The union of South Korea's ailing Ssangyong Motor on Jan. 5 called for its members to go on strike, in protest over potentially massive layoffs by its Chinese owner. The union said that workers were voting on Jan. 5 and 6 to decide if they should stop work.
Ssangyong has a total of 7,100 employees, of whom 5,100 are assembly line workers. It was acquired by Shanghai Automotive in 2004. Ssangyong is falling into a financial crisis amid slow auto sales and a dearth of operating funds from its parent, Shanghai Automotive Industry Corp.
The union said managers were forcing workers to sign up for a written resolution aimed at making job cuts easier and buying time to transfer auto technology to the Chinese parent company. "Only overwhelming support for strike can guarantee our survival. Only a landslide vote for strike can thwart the conspiracy of the Shanghai capital," read the union statement.
Last month, Seoul's JoongAng Ilbo newspaper reported that Shanghai Automotive had offered to axe 2,000 jobs, almost a third of the Ssangyong workforce, in exchange for a $200 million credit line. Ssangyong management denied having worked out a layoff plan, but another economic daily based in Seoul said the proposed redundancies would be 3,000.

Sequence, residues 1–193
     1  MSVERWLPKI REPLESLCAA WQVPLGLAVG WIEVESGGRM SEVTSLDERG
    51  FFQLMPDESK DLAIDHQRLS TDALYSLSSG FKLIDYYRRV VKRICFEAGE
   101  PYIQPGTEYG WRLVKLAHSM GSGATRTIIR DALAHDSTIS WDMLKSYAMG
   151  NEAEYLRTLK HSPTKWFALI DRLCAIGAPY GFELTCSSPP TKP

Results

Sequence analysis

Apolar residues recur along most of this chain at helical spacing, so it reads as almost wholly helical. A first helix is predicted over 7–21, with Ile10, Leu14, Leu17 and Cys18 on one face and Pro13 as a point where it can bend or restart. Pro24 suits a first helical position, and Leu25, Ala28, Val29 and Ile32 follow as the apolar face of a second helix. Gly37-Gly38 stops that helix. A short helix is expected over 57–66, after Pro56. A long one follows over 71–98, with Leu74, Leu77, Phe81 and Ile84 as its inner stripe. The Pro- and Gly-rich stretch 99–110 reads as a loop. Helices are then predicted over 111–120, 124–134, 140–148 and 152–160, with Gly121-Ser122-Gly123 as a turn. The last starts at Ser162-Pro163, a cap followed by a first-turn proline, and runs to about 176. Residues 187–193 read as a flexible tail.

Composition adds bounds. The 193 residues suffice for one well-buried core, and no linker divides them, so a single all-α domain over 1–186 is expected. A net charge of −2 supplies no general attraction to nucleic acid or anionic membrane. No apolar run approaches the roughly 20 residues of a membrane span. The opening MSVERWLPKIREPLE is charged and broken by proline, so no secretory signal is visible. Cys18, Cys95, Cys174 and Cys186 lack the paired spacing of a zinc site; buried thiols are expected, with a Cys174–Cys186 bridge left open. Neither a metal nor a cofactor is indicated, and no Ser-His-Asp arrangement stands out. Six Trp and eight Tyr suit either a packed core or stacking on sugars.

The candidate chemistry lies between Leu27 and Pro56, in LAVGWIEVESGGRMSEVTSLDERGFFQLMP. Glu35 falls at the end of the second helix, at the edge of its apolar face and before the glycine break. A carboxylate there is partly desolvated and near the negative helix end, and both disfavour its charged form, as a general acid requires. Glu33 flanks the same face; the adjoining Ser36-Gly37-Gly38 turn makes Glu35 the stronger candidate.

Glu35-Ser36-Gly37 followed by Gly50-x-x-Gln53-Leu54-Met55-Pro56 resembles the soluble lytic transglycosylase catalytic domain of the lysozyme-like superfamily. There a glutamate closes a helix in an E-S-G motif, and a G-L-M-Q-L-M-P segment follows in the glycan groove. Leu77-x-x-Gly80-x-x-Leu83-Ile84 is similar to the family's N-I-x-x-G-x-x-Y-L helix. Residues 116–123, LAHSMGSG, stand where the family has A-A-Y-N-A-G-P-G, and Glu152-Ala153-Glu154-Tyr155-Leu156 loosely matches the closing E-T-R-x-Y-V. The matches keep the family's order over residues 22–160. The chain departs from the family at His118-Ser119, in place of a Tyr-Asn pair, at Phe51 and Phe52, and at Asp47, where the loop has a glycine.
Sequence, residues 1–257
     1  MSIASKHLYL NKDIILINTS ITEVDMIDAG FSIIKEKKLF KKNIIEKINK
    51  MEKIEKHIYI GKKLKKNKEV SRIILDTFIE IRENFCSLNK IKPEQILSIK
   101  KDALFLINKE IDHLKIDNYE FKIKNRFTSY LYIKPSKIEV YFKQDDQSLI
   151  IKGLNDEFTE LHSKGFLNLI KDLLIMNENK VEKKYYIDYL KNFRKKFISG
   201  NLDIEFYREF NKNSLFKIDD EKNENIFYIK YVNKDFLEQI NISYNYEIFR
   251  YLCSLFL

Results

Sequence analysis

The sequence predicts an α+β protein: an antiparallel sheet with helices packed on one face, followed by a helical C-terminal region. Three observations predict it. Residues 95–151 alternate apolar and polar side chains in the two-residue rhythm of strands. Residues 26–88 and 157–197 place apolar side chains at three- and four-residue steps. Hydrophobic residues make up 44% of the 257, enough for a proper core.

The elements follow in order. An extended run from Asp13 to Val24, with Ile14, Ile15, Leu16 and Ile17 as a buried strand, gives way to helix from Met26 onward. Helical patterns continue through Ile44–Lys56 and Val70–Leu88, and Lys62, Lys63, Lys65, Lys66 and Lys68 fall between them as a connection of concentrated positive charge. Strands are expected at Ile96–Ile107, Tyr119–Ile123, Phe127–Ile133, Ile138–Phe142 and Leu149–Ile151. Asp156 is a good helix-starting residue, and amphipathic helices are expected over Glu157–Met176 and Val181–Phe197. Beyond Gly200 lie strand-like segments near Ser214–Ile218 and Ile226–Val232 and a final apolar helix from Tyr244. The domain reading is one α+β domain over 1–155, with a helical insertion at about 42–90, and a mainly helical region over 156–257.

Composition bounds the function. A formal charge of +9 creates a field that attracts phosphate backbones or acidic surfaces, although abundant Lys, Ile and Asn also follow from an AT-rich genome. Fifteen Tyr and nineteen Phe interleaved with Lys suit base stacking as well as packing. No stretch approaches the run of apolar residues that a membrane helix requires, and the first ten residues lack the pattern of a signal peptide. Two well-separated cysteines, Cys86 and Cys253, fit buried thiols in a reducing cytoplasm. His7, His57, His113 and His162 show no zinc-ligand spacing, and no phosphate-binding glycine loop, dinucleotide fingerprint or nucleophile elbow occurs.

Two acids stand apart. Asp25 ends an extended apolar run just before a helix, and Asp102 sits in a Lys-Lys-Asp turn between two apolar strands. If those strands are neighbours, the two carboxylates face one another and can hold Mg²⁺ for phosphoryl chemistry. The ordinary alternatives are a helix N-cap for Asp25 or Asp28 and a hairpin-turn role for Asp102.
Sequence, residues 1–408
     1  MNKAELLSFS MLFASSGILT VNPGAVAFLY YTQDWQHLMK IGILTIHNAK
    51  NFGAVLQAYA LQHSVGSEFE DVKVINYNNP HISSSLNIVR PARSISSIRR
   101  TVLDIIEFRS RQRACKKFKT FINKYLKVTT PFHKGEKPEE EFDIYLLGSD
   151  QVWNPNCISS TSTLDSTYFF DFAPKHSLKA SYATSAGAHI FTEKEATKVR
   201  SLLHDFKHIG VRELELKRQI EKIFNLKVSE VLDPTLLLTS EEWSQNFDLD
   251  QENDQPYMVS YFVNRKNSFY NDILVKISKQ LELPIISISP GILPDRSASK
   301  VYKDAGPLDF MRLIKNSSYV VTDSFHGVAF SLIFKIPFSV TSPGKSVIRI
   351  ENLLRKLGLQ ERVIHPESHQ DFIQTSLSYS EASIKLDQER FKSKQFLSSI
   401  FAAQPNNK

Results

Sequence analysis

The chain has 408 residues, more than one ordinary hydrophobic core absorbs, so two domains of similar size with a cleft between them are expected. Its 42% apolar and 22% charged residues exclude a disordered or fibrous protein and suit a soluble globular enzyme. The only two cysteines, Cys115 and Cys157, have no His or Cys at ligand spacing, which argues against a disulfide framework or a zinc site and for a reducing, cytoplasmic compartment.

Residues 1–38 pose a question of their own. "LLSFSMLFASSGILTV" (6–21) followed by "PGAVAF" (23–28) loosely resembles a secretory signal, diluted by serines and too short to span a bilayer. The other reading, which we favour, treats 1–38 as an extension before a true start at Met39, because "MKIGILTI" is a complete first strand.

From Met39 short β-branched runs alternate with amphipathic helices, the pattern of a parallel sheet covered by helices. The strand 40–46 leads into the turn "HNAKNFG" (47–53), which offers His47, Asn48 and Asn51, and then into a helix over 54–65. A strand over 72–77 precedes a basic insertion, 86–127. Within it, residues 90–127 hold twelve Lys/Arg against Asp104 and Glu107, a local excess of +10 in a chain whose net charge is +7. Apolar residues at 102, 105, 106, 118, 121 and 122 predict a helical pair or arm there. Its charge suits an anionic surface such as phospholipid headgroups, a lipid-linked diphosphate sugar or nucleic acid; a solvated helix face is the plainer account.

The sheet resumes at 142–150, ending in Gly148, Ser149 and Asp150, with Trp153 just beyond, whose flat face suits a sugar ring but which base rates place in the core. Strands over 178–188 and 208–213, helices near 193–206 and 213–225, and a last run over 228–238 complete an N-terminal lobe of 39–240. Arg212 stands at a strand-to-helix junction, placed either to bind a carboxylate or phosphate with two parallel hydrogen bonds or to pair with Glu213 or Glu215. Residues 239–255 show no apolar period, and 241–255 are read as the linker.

Ssangyong, which failed to pay workers on time last month, received $45 million from Shanghai Automotive in late December for the development of a new sports utility vehicle, the company said. It said it would disclose steps to stave off a liquidity crisis on Jan. 8 after talks with the Chinese parent.
Shanghai Automotive has sought support from South Korea's government and local creditors, including Korea Development Bank which has refused to offer new loans unless the Chinese firm helps first. The Chinese owner is known to have demanded wage cuts and redundancies at Ssangyong, but no details have been given. It has reportedly been threatening to abandon the automaker in January unless its demands are met.
The company expects a net loss of more than 100 billion won (US$76 million) for last year due to a slump in demand.
Ssangyong halted production for two weeks on December 17, citing sluggish sales, but work resumed on Jan. 5.
Copyright Agence France-Presse, 2009